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Q & A: Why do metals feel cold or hot to the touch?

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Most recent answer: 11/16/2016
Q:
why do metallic objects feel hotter / colder than their neighboring non-metallic objects (such as plastics or wood) subject to the same sunlight and environmental conditions? Do metals' temperature rise above the ambient temperature, and if so, why and how?
- Anonymous
A:

In general, metals feel colder or hotter to the touch than other materials at the same temperature because they're good thermal conductors. This means they easily transfer heat to colder objects or absorb heat from warmer objects. Your skin can't actually detect the temperature of other objects—it only senses its own temperature. When you touch a piece of metal that is colder than your hand, your fingers rapidly lose heat and feel cold—and the opposite happens when you touch metal that is hotter than your hand. Thermal insulators like plastic and wood don't transfer heat as easily.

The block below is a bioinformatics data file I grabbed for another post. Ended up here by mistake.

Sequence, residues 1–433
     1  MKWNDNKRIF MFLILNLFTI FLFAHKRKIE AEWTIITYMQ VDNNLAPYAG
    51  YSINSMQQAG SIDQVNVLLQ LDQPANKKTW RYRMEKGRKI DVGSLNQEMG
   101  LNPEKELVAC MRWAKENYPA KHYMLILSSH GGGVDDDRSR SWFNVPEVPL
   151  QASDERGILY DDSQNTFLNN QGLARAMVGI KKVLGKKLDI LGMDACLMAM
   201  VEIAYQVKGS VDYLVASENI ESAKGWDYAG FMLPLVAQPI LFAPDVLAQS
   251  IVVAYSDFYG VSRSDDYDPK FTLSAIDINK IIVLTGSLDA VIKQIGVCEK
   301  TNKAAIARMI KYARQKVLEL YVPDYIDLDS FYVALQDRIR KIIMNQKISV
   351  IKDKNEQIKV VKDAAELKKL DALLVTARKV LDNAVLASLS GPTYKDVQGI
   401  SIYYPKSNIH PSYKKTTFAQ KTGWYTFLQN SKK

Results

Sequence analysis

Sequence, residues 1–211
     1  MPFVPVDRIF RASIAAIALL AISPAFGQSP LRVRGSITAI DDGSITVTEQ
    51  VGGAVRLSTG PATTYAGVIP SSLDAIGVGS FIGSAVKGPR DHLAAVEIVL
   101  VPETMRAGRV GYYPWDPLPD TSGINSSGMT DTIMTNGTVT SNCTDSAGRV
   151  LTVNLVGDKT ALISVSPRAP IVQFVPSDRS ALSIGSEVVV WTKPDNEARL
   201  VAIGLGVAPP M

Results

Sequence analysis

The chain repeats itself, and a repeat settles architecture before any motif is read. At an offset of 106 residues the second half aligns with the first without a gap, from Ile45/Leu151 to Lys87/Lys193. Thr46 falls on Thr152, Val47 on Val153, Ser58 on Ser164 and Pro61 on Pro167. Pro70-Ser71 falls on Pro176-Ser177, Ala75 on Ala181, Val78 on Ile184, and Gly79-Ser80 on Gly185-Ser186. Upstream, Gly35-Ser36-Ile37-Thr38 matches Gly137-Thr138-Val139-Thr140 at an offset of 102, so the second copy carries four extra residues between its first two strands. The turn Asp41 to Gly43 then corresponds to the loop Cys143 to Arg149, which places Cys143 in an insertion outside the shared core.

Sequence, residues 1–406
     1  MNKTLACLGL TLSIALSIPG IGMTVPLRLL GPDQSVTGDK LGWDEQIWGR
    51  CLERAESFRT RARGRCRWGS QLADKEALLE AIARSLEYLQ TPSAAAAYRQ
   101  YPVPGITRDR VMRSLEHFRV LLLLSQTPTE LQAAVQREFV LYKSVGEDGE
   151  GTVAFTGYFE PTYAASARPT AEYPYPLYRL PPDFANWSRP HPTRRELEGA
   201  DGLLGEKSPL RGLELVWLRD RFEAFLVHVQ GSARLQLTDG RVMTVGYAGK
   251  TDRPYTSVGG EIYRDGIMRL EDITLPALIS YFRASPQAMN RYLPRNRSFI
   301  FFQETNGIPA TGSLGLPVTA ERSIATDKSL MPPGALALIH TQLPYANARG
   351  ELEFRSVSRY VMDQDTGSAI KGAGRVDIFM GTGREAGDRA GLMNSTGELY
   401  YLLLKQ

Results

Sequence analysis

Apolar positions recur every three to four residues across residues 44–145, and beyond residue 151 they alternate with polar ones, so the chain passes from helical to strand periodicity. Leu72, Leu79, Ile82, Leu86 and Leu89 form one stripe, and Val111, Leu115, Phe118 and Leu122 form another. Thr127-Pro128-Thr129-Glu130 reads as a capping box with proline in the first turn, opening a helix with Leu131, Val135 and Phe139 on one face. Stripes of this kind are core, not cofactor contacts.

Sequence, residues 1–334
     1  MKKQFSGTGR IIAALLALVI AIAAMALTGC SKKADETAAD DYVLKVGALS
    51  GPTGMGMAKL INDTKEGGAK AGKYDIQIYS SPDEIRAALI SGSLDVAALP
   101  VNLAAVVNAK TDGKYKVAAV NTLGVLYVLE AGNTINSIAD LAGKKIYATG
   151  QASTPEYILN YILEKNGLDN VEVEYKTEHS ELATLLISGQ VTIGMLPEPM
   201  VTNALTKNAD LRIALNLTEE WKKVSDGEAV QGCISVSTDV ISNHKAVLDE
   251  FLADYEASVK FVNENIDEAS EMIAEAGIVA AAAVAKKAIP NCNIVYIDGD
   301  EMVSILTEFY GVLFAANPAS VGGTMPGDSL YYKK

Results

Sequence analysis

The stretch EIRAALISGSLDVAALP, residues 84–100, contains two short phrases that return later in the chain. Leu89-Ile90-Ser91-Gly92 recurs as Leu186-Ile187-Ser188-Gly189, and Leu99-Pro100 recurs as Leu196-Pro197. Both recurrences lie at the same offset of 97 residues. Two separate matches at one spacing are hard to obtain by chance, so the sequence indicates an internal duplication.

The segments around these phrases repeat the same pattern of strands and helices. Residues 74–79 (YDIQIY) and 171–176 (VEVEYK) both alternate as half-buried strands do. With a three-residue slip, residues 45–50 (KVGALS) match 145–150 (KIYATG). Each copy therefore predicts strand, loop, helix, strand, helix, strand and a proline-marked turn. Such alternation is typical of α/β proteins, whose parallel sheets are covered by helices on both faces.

Some metals may also get hotter faster compared to other materials. Metals tend to have a small specific heat capacity, which is a measure of how much energy needs to be added to a material to raise its temperature by 1 degree. A material with a smaller heat capacity will reach a higher temperature after the same amount of energy is added compared to a material with a larger heat capacity. Polyethylene, a common plastic, has more than twice the heat capacity of most metals. Water also has a very large heat capacity.

Rebecca H.


(published on 11/16/2016)

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